You can read the full reflection, here."Manipulative, brazen, deceitful and often spiteful, Scarlett O'Hara is also flirtatious, ruthless and monumentally self-absorbed. Yet, somehow, she is undoubtedly the heroine everyone is cheering for throughout Gone with the Wind's four hour extravaganza. As romance after romance fails and the lavish lifestyle of the Southern upper-classes is swept away when the South loses the Civil War in 1865, Scarlett proves that whilst she is a woman likely to hurl herself onto her bed weeping for days when she doesn't get her own way about what dress to wear to a party, when it comes to the major catastrophes of life, she is definitely the ultimate survivor. Surveying the ruin of her homeland in the aftermath of the Civil War, Scarlett vows that if she has "to lie, steal, cheat or kill" she will overcome the poverty and chaos which has swallowed up the life of wealth and privilege she once enjoyed."
Monday, 4 April 2011
"Gone with the Wind" (1939)
Gone with the Wind?
Posted by Gareth Russell at 22:12
Labels: Movies, Popular, United States, War
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i think vivien leigh would have made an excellent Anne Boleyn in any movie.ReplyDelete
I so agree that GWTW--book and movie--is the gold standard of popular entertainment from the "American Century." Unfortunately, the fly (racism) spoils the soup. Margaret Mitchell crossed the line many times as when she described Mammy's arms as "gorilla" like.ReplyDelete
There is also Big Sam, drafted into a marching chain gang, promising Scarlett in the film that he will "stop them Yankees" before they could enter Atlanta. You have to have, as Oscar Wilde once said, a heart of stone not to laugh at that one.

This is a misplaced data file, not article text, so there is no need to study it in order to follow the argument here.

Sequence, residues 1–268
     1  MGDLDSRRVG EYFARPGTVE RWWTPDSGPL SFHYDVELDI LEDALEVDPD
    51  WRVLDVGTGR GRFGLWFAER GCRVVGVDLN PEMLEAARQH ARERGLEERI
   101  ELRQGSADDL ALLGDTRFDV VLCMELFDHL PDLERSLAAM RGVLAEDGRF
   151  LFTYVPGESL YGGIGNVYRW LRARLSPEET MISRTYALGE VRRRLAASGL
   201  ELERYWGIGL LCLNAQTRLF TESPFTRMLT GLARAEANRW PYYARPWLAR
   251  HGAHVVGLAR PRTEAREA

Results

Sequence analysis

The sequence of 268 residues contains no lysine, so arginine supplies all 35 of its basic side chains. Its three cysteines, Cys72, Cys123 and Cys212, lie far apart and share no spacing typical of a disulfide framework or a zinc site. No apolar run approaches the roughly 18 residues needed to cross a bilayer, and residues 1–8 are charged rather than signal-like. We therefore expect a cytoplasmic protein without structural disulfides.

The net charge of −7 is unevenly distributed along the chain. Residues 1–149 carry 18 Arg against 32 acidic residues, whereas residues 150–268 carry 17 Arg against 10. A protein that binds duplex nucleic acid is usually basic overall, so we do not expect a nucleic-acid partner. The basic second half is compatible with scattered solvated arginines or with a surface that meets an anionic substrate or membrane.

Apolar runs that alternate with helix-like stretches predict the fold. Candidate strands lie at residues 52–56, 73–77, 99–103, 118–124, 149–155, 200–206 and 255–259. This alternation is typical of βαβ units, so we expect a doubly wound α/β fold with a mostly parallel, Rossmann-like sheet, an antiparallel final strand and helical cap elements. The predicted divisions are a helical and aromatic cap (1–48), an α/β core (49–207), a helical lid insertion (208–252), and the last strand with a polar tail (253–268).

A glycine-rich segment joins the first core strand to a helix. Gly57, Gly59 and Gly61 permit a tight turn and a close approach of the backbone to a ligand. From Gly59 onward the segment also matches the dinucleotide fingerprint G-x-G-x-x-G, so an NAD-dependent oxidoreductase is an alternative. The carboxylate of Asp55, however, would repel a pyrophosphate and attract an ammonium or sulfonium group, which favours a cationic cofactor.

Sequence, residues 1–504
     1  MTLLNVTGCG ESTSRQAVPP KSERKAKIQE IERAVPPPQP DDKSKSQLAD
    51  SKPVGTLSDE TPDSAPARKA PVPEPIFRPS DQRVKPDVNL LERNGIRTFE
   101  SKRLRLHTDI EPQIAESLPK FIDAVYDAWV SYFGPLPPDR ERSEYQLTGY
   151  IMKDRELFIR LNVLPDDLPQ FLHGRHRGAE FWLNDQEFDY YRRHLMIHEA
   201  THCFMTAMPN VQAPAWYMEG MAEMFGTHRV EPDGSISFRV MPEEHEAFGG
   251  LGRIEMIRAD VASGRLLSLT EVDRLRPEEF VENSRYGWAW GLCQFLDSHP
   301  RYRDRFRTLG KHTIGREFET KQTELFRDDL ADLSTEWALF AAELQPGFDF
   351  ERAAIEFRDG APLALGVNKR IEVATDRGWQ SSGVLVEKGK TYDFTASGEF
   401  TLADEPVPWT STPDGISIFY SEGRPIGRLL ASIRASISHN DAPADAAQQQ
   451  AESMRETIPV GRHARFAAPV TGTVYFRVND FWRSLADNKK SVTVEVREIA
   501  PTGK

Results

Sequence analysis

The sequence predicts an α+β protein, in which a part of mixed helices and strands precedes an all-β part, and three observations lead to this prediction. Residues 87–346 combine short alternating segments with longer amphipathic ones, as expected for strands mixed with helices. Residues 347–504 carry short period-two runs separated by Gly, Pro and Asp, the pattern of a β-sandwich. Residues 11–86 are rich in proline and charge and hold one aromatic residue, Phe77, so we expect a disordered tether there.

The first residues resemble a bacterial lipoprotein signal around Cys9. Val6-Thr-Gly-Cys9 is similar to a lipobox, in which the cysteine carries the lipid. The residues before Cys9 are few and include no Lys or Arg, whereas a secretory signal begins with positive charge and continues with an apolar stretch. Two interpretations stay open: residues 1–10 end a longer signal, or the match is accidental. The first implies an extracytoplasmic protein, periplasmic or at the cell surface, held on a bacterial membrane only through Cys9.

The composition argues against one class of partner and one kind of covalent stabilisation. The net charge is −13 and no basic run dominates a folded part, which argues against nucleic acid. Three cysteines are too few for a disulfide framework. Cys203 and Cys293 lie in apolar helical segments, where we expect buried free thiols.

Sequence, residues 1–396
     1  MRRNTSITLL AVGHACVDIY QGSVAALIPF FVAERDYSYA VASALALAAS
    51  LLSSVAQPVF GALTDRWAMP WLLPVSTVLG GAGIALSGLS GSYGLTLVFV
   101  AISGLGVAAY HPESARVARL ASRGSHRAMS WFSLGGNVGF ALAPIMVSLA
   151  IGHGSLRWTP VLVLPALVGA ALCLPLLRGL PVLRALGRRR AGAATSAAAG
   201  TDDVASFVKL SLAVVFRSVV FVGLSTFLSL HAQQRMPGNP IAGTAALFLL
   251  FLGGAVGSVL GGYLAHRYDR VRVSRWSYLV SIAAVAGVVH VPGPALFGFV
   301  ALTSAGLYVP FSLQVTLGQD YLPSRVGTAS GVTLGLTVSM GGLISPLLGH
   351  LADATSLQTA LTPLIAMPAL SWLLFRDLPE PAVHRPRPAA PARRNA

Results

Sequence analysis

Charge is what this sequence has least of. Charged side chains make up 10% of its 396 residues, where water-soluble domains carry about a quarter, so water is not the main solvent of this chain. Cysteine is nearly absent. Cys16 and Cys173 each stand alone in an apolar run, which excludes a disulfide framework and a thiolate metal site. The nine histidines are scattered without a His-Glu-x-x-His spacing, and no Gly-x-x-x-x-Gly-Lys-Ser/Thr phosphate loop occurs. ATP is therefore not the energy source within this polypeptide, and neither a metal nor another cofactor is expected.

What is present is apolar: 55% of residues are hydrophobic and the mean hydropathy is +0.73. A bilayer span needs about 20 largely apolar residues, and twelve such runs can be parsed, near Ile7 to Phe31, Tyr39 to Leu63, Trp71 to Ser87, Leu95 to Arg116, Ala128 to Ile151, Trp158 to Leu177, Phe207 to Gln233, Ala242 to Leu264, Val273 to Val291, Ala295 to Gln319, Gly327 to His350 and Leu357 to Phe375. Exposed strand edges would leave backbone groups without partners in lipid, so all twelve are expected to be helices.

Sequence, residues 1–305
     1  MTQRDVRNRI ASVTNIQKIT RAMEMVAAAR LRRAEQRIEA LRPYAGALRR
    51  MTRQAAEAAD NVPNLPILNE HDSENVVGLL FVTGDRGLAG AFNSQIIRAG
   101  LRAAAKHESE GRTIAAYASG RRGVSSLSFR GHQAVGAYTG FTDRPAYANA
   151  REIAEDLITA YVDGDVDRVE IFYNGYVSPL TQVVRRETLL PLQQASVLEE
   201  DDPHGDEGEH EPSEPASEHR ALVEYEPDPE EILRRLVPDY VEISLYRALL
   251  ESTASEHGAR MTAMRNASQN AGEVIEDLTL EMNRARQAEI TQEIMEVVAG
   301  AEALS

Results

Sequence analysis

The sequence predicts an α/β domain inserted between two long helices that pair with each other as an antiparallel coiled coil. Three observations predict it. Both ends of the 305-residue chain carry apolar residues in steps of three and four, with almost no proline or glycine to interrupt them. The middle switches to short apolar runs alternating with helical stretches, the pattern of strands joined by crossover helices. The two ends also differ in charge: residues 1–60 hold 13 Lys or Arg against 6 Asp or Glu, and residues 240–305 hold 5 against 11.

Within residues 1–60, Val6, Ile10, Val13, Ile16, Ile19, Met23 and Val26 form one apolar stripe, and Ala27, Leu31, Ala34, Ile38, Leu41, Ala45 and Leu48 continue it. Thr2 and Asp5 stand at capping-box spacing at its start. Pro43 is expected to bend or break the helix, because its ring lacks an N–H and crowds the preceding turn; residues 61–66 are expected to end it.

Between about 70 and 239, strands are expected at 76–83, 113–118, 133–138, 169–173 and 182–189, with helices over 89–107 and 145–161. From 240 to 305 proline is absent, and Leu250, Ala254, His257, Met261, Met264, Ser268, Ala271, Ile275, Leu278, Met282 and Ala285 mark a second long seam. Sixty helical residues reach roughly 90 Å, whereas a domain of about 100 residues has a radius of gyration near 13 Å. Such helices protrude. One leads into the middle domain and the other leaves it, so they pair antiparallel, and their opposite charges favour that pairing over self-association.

The only thing that could beat it is an Auchwitz inmate booby-trapping the camp to keep the Allied forces out.
Interestingly, the U.S> civil rights movement never made a big fuss over GWTW. It's almost as if in that particular family squabble one party to the divorce told the other (Southern whites) that "you can keep that thing as long as you pass voting rights laws". So, it is still (almost) politically correct to enjoy GWTW, although a brown paper bag is advisable to hide outdoor consumption.
An African-American writer, about 15 years ago, wrote a spoof titled "The Wind Done Gone." She was sued by the Mitchell estate, but the court upheld her right to use the GWTW characters as long as she didn't name them. The premise of the book is that the Mr. O'Hara and Mammy characters have a love child who grows up to be mighty jealous of her mother's affection for Scarlett. The Ashley and Melanie equivalents are presented as being secretly gay. They also are involved in inter-racial romances.
But Vivien Leigh will never be bested in a leading female role.
And it's a good thing for Ms. Mitchell that Thackery could not sue for stealing so much of his Becky.